HomeInsightsCompetition and Markets Authority to take enforcement action on secondary ticketing sites

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The CMA has announced that it will take enforcement action against secondary ticketing websites suspected of breaking consumer protection law.

After a thorough investigation into the sector, the CMA says that it has identified widespread concerns about the information people are given, and gathered evidence that it considers reveals breaches of the law.

The CMA is raising its concerns with a number of these websites and will be requiring them to take action where necessary. While it notes that some sites have already made changes since it opened the investigation, the CMA wants to ensure that all sites comply with the law and that their customers are better informed about the tickets they are buying:

  • it must be clear if there are restrictions on using a resold ticket that could result in buyers being denied access to an event;
  • people should know whom they are buying from, e.g. whether the seller is a business and/or an event organiser, and can benefit from their legal rights; and
  • customers need to be told where exactly in a venue they will be seated.

In addition, the CMA says that it will be acting to address a failure by one unnamed website to comply fully with formal commitments it had previously given to improve the information provided about tickets advertised on its site.

The CMA has also broadened the scope of its original investigation to include a number of additional issues, prompted by new information gathered in the course of its work, specifically:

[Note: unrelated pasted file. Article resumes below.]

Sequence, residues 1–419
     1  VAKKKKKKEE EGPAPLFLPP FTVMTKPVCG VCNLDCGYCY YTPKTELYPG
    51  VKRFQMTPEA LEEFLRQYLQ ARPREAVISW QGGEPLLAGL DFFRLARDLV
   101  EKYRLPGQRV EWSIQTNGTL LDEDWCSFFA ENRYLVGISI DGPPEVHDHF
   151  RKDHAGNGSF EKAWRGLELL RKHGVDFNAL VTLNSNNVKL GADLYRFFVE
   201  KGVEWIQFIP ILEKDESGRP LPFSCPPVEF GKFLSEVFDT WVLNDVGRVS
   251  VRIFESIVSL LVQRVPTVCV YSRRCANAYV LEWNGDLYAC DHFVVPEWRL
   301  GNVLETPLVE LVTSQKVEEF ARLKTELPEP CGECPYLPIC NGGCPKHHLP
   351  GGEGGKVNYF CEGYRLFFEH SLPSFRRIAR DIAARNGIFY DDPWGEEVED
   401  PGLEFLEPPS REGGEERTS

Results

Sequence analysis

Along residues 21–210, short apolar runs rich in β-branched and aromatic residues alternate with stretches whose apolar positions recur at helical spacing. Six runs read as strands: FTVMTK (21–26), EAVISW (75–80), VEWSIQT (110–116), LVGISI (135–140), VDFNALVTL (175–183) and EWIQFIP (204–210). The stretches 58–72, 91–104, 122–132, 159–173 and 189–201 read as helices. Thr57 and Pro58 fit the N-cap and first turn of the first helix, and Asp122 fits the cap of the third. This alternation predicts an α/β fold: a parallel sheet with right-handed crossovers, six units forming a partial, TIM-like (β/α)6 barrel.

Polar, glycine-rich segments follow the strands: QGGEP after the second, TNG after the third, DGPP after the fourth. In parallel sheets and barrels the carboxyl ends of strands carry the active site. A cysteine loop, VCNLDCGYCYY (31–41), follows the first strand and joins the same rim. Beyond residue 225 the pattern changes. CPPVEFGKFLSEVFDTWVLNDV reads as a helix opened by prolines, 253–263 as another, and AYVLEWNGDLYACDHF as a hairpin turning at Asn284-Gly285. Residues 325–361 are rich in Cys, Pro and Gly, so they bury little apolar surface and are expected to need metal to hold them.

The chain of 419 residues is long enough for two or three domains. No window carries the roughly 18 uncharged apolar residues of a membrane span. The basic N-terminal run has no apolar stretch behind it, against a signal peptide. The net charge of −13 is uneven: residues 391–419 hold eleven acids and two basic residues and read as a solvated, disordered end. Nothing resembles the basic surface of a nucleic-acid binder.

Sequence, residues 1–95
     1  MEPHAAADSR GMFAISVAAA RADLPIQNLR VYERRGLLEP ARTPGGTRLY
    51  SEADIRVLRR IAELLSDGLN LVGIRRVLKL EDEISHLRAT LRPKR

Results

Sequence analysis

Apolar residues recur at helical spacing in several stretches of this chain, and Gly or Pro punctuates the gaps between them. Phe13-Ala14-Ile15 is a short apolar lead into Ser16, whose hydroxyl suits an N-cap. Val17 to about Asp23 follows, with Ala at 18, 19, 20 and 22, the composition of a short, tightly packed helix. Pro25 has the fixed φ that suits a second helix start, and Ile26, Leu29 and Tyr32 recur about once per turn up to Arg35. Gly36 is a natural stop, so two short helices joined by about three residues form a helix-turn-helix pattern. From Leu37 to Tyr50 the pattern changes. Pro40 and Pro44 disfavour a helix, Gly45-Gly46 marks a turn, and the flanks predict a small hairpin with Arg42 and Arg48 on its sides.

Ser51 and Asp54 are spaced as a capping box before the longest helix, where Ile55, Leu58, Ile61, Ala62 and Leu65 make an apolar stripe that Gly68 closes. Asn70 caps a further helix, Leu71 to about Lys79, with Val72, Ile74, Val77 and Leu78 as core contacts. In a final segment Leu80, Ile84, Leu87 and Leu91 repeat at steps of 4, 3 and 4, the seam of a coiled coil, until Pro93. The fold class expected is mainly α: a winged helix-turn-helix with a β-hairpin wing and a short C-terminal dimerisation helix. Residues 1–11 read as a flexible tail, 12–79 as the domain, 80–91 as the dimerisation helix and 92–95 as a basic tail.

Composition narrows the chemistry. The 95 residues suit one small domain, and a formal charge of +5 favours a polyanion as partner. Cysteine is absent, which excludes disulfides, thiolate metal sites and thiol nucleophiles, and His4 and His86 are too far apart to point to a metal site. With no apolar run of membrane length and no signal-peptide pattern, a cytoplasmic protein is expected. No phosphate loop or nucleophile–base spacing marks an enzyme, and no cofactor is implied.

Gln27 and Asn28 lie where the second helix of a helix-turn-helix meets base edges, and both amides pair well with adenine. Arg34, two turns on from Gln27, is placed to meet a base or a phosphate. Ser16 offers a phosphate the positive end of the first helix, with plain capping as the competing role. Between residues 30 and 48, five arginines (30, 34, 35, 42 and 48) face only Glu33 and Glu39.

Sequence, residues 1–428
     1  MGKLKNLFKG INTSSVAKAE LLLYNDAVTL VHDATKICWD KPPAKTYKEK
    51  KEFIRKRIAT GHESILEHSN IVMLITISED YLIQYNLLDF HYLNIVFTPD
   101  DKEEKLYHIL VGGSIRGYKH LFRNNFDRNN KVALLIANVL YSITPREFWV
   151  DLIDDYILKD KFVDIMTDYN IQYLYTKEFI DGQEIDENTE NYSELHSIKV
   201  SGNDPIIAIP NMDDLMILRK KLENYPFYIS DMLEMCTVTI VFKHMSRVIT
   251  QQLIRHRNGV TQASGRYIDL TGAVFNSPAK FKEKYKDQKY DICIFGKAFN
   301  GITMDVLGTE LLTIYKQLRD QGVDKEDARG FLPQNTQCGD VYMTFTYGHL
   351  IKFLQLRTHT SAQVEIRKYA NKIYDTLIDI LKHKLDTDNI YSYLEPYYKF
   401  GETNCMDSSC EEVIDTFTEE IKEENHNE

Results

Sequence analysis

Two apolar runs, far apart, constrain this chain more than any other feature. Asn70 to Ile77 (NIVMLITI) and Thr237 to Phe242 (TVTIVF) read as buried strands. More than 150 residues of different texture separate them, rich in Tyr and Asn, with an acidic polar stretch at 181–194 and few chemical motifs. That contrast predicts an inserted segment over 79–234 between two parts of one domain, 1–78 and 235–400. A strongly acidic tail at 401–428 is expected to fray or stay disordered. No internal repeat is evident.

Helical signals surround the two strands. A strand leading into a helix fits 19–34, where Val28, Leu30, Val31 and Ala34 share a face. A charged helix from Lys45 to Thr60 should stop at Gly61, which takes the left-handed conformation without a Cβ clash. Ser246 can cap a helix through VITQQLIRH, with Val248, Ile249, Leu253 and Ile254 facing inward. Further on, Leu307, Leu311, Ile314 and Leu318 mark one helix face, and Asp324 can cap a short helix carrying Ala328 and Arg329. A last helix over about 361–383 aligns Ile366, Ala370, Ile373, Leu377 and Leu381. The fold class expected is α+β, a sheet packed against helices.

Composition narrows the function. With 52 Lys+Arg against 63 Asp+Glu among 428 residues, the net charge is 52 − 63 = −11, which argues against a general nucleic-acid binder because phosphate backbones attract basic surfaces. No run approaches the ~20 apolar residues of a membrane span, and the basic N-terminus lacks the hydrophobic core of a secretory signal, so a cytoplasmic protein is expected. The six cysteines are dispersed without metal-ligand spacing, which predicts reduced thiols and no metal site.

• pressure selling: whether claims made about the availability and popularity of tickets create a misleading impression or rush customers into making a buying decision;
  • difficulties for customers in getting their money back under a website’s guarantee;
  • speculative selling: where businesses advertise tickets for sale that they do not yet own and therefore may not be able to supply; and
  • concerns about whether the organisers of some sporting events have sold tickets as a primary seller directly through a secondary ticket website, without making this clear to consumers.

The CMA says that it will gather and assess evidence on these additional issues before deciding on whether further enforcement action is required.

The CMA will also be engaging with event organisers to help them to avoid being challenged for using unfair terms to restrict the resale of their tickets. The CMA has today proposed a number of steps that the industry could take in order to stop consumers losing out. The CMA is inviting feedback from the industry on this proposed approach. To read the CMA’s press release in full, click here.